It is not by chance that, in British Admiralty charts, the shallow waters area where the island appeared is still named as “Graham Bank”.

 Julia island (Ferdinandea) by Antoine-Edmond de Joinville

Also France sent a ship, having on board many scientists and a famous artist, Edmond de Joinville, whose paintings have brought the memory of this island to us; however, as it was already evident that the islet, named by the French captain La Pierre “Julia”, was quickly crumbling, the government in Paris lost interest in it.

Even if the same decrease in size of the island had been notified to the government of Naples, the Prime Minister sent a warship too; the captain, Corrao, planted a pole with the flag of the Bourbons and renamed it “Isola Ferdinandea”, in honor of king Ferdinand II.

Of course, rising sea levels produce a different effect, but this does not exempt us from considering what disputes might arise from the disappearance of previously existing lands.
But what happens when this kind of phenomena takes place at a much lower speed, as it happens due to a rising sea level caused by climate change?
And when a territory is abandoned by its population, which kind of disputes arise?
It is difficult to predict what could happen, but one thing is certain: the geographic area affected will become very different, as compared to the past, carrying with it deep economic changes.

 Golfo di Pozzuoli, West of Napoli with the GeoGarage platform (NGA nautical chart)

In Italy, a similar phenomenon occurs quite often, due to the rise or the foundering of coastal land, known as “bradyseism”.
In 1983, this happened near Naples, in the area of Pozzuoli, and the harbor of this town became impracticable for some years, until the land level went down again.

Also, in various parts of our Nation, in Baja and along the Adriatic coast, where the coastal town of Egnatia once existed, it is possible to note, well underwater, what remains of once thriving ports and towns.

Going back to our times, as a scholar has pointed rightly pointed out, “75% of all people living in areas vulnerable to sea level rises are in Asia, with the poorer nations most at risk”: indeed, the Maldive islands are already affected by the rise of sea level.
Loss of coastal land, in a densely populated area, as most areas in Asia are, leads to impoverishment, loss of infrastructures, and to mass migrations inland.

If you consider that Asia is now one among the most powerful engines of world economy, and trade between this continent and Europe is such that the maritime trade route connecting them is named the “new Silk Road”, you might easily understand the economic consequences for Europe of the rise of sea level in Asia.

The only positive effect of rising sea levels would be a reduction of the present disputes, among Nations in Asia, on the possession of the numerous small islands, especially the Spratly, Paracel, Pescadores and Ryu Kiu, as many among them are barely emerging from water.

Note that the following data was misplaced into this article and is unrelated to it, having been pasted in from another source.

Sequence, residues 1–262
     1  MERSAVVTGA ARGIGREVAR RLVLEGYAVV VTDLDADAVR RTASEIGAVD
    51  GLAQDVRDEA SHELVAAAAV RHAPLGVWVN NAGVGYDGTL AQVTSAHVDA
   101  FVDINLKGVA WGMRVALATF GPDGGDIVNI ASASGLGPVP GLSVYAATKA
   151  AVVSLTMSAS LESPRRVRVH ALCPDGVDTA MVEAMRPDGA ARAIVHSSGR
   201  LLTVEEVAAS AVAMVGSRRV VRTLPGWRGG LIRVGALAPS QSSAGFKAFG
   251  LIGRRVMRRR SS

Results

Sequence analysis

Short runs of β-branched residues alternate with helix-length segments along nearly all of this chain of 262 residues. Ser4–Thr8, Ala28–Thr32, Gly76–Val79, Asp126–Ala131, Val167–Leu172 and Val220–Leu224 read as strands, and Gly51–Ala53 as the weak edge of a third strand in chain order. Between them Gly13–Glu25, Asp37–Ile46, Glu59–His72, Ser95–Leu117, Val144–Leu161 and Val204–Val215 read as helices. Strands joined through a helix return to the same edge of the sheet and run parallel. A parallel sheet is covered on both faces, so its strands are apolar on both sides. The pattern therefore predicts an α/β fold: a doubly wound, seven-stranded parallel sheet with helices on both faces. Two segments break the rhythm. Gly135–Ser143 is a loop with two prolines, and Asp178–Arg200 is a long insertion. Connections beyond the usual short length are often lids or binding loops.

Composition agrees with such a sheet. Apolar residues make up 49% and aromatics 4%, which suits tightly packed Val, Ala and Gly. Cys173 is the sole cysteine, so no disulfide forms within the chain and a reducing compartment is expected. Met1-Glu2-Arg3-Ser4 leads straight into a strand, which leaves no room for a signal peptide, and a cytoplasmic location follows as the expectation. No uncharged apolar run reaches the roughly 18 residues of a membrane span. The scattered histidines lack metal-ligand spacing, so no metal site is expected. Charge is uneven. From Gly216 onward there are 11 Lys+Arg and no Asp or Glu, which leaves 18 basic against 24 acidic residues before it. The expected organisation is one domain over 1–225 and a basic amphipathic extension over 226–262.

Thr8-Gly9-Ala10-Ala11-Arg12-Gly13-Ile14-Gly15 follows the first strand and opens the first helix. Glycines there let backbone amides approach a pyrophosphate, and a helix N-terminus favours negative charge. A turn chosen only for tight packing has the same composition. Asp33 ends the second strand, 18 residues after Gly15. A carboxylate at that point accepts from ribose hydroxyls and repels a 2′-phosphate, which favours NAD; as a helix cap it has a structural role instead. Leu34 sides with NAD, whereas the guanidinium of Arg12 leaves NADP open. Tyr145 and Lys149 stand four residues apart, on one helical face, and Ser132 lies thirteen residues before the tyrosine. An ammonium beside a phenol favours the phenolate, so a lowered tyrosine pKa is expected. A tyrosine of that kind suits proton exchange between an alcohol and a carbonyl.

Inside Europe, too, the economic consequences for the Netherlands cannot be underplayed; even if it would be sufficient to raise the existing dams, protecting much of the territory, it cannot be forgotten that some ports of this Nation are the most active terminals of Northern European sea trade.
This, in turn, might favor the Mediterranean region, at the expenses of the Atlantic coast of our continent.

Summing up, every change is a trauma, and we should not forget the amount of hard feelings deriving from it, when dealing with the consequences of climate change in the international domain.


The maritime domain is not exempted by consequences of climate change, whose effects on world economy might become relevant.
It will be, though, a slow, incremental phenomenon, but it requires capabilities to cope with this new situation.
Apart from instability, disputes, wars, migrations and hostile acts, climate change will profoundly affect world economy, also in ways we have not fully identified yet.
This will be most pronounced at sea, as this environment is full of riches, and many Nations are increasingly devoting efforts to exploit them.
As “sooner or later, climate changes history” , it is better to think about it now, and take all measures aimed at containing and preventing the expected effects, rather than being surprised when they become apparent.
These measures should include capability developments, in order to put them into effect: Navies have definitely a role in managing problems posed by climate change, beyond their participation to joint warfighting activities.
Their tradition in the domain of “Deep Water Policing” is well established by history, and goes back many centuries.
It should only be revived, lest Western Nations might find out that others are more effective and powerful than we are.
Last but not least, when dealing with mitigation of climate change effects, Navies have also a role in setting a good behavioral example: among others, warships should not be a source of pollution, when they operate.
The “Green Fleet” project, started by the Italian Navy, is a most relevant instance of how Nations keen to limit climate change effects should behave.